Ganeti was developed to run on internal, trusted systems. As such, the security model is all-or-nothing.
All the Ganeti code runs as root, because all the operations that Ganeti is doing require privileges: creating logical volumes, drbd devices, starting instances, etc. Running as root does not mean setuid, but that you need to be root to run the cluster commands.
For a host on which the Ganeti software has been installed, but not joined to a cluster, there are no changes to the system.
For a host that has been joined to the cluster, there are very important changes:
As you can see, as soon as a node is joined, it becomes equal to all other nodes in the cluster, and the security of the cluster is determined by the weakest node.
Note that only the SSH key will allow other machines to run random commands on this node; the RPC method will run only:
It is therefore important to make sure that the contents of the /etc/ganeti/hooks directory is supervised and only trusted sources can populate it.
As told above, there are multiple ways of communication between cluster nodes:
The SSH traffic is protected (after the initial login to a new node) by the cluster-wide shared SSH key.
RPC communication between the master and nodes is protected using SSL/TLS encryption. Both the client and the server must have the cluster-wide shared SSL/TLS certificate and verify it when establishing the connection by comparing fingerprints. We decided not to use a CA to simplify the key handling.
The DRBD traffic is not protected by encryption, as DRBD does not support this. It’s therefore recommended to implement host-level firewalling or to use a separate range of IP addresses for the DRBD traffic (this is supported in Ganeti) which is not routed outside the cluster. DRBD connections are protected from connecting due to bugs to other machines, and from accepting connections from other machines, by using a shared secret, exchanged via RPC requests from the master to the nodes when configuring the device.
The command-line tools to master daemon communication is done via an UNIX socket, whose permissions are reset to 0600 after listening but before serving requests. This permission-based protection is documented and works on Linux, but is not-portable; however, Ganeti doesn’t work on non-Linux system at the moment.
Starting with Ganeti 2.0, Remote API traffic is encrypted using SSL/TLS by default. It supports Basic authentication as per RFC 2617.
Paths for certificate, private key and CA files required for SSL/TLS will be set at source configure time. Symlinks or command line parameters may be used to use different files.
To move instances between clusters, different clusters must be able to communicate with each other over a secure channel. Up to and including Ganeti 2.1, clusters were self-contained entities and had no knowledge of other clusters. With Ganeti 2.2, clusters can exchange data if tokens (an encryption certificate) was exchanged by a trusted third party before.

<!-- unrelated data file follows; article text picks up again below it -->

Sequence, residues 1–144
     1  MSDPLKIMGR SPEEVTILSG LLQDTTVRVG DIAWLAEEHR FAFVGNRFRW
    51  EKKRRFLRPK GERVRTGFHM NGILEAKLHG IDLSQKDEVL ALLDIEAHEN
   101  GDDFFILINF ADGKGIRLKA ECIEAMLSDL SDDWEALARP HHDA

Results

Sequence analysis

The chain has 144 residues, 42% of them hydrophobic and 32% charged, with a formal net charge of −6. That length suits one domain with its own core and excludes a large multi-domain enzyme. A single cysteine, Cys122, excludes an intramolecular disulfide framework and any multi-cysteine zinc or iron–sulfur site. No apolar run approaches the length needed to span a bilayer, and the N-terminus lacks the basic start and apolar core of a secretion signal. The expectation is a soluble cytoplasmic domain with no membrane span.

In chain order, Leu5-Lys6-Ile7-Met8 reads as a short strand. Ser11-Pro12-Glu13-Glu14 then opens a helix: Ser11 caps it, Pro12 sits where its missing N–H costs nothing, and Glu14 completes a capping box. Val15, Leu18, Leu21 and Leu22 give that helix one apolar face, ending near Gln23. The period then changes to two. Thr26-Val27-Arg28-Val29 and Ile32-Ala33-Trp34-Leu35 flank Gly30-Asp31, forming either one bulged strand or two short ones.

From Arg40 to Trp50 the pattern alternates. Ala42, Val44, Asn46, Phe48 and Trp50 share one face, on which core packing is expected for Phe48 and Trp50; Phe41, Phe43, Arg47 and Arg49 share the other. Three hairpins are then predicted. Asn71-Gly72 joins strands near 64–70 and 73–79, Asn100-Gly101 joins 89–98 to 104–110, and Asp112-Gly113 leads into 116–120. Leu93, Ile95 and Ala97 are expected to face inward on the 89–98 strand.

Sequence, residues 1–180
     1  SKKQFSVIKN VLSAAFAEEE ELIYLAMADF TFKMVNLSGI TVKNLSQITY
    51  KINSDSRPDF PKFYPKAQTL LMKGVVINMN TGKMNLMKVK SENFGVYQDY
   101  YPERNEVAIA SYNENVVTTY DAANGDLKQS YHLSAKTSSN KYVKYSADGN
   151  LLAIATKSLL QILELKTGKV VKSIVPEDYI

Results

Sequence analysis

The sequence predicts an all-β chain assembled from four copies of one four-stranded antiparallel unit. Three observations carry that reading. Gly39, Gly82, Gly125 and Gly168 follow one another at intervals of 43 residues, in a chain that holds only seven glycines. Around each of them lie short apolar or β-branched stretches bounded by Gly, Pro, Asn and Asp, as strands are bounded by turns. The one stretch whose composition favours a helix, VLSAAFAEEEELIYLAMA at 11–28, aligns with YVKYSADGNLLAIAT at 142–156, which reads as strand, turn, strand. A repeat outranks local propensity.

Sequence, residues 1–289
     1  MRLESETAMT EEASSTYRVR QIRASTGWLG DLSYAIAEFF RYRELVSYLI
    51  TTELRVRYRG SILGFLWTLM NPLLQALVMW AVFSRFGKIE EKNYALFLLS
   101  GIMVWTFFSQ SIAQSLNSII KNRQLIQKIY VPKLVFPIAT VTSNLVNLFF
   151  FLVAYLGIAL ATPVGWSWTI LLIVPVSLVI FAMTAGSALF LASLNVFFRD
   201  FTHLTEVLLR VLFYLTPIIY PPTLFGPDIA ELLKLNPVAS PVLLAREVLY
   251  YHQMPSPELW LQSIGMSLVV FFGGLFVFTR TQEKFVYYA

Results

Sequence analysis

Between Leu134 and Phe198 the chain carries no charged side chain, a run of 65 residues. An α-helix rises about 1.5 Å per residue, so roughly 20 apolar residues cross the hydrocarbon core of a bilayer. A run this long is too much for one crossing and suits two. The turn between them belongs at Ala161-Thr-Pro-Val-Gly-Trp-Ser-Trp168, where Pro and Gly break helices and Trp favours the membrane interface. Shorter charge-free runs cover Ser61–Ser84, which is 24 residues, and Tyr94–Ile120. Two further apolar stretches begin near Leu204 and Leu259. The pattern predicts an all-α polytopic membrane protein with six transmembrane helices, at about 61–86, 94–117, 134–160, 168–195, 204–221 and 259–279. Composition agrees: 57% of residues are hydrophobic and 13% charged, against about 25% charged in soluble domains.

When running KVM instances under Ganeti three security models ara available: ‘none’, ‘user’ and ‘pool’.
Under security model ‘none’ instances run by default as root. This means that, if an instance gets jail broken, it will be able to own the host node, and thus the ganeti cluster. This is the default model, and the only one available before Ganeti 2.1.2.
Under security model ‘user’ an instance is run as the user specified by the hypervisor parameter ‘security_domain’. This makes it easy to run all instances as non privileged users, and allows one to manually allocate specific users to specific instances or sets of instances. If the specified user doesn’t have permissions a jail broken instance will need some local privilege escalation before being able to take over the node and the cluster. It’s possible though for a jail broken instance to affect other ones running under the same user.
Under security model ‘pool’ a global cluster-level uid pool is used to start each instance on the same node under a different user. The uids in the cluster pool can be set with gnt-cluster init and gnt-cluster modify, and must correspond to existing users on all nodes. Ganeti will then allocate one to each instance, as needed. This way a jail broken instance won’t be able to affect any other. Since the users are handed out by ganeti in a per-node randomized way, in this mode there is no way to make sure a particular instance is always run as a certain user. Use mode ‘user’ for that.
In addition to these precautions, if you want to avoid instances sending traffic on your node network, you can use an iptables rule such as:
iptables -A OUTPUT -m owner --uid-owner <uid>[-<uid>] -j LOG \ --log-prefix "ganeti uid pool user network traffic" iptables -A OUTPUT -m owner --uid-owner <uid>[-<uid>] -j DROP
This won’t affect regular instance traffic (that comes out of the tapX allocated to the instance, and can be filtered or subject to appropriate policy routes) but will stop any user generated traffic that might come from a jailbroken instance.